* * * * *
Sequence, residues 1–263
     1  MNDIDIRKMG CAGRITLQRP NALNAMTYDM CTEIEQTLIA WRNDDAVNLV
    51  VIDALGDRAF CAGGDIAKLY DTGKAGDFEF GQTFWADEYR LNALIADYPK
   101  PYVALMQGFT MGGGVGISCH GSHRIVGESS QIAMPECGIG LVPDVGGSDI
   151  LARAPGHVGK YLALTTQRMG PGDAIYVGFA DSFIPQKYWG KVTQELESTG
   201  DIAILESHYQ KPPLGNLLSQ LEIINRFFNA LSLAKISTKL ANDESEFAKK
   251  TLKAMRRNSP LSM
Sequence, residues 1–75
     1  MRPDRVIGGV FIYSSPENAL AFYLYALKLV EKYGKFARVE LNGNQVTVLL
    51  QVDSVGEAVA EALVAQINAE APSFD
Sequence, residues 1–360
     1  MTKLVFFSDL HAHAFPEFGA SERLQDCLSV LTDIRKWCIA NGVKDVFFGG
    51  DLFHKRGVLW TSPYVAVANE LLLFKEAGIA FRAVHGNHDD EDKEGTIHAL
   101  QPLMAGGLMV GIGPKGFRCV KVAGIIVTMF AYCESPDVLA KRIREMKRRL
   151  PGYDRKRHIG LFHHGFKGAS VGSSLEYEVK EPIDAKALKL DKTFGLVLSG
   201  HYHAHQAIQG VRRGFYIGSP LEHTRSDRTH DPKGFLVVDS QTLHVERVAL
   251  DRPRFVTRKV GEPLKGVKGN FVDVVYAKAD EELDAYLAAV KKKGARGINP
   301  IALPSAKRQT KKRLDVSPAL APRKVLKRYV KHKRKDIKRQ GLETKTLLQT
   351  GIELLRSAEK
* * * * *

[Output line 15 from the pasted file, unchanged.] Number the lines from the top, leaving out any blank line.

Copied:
   151  PGYDRKRHIG LFHHGFKGAS VGSSLEYEVK EPIDAKALKL DKTFGLVLSG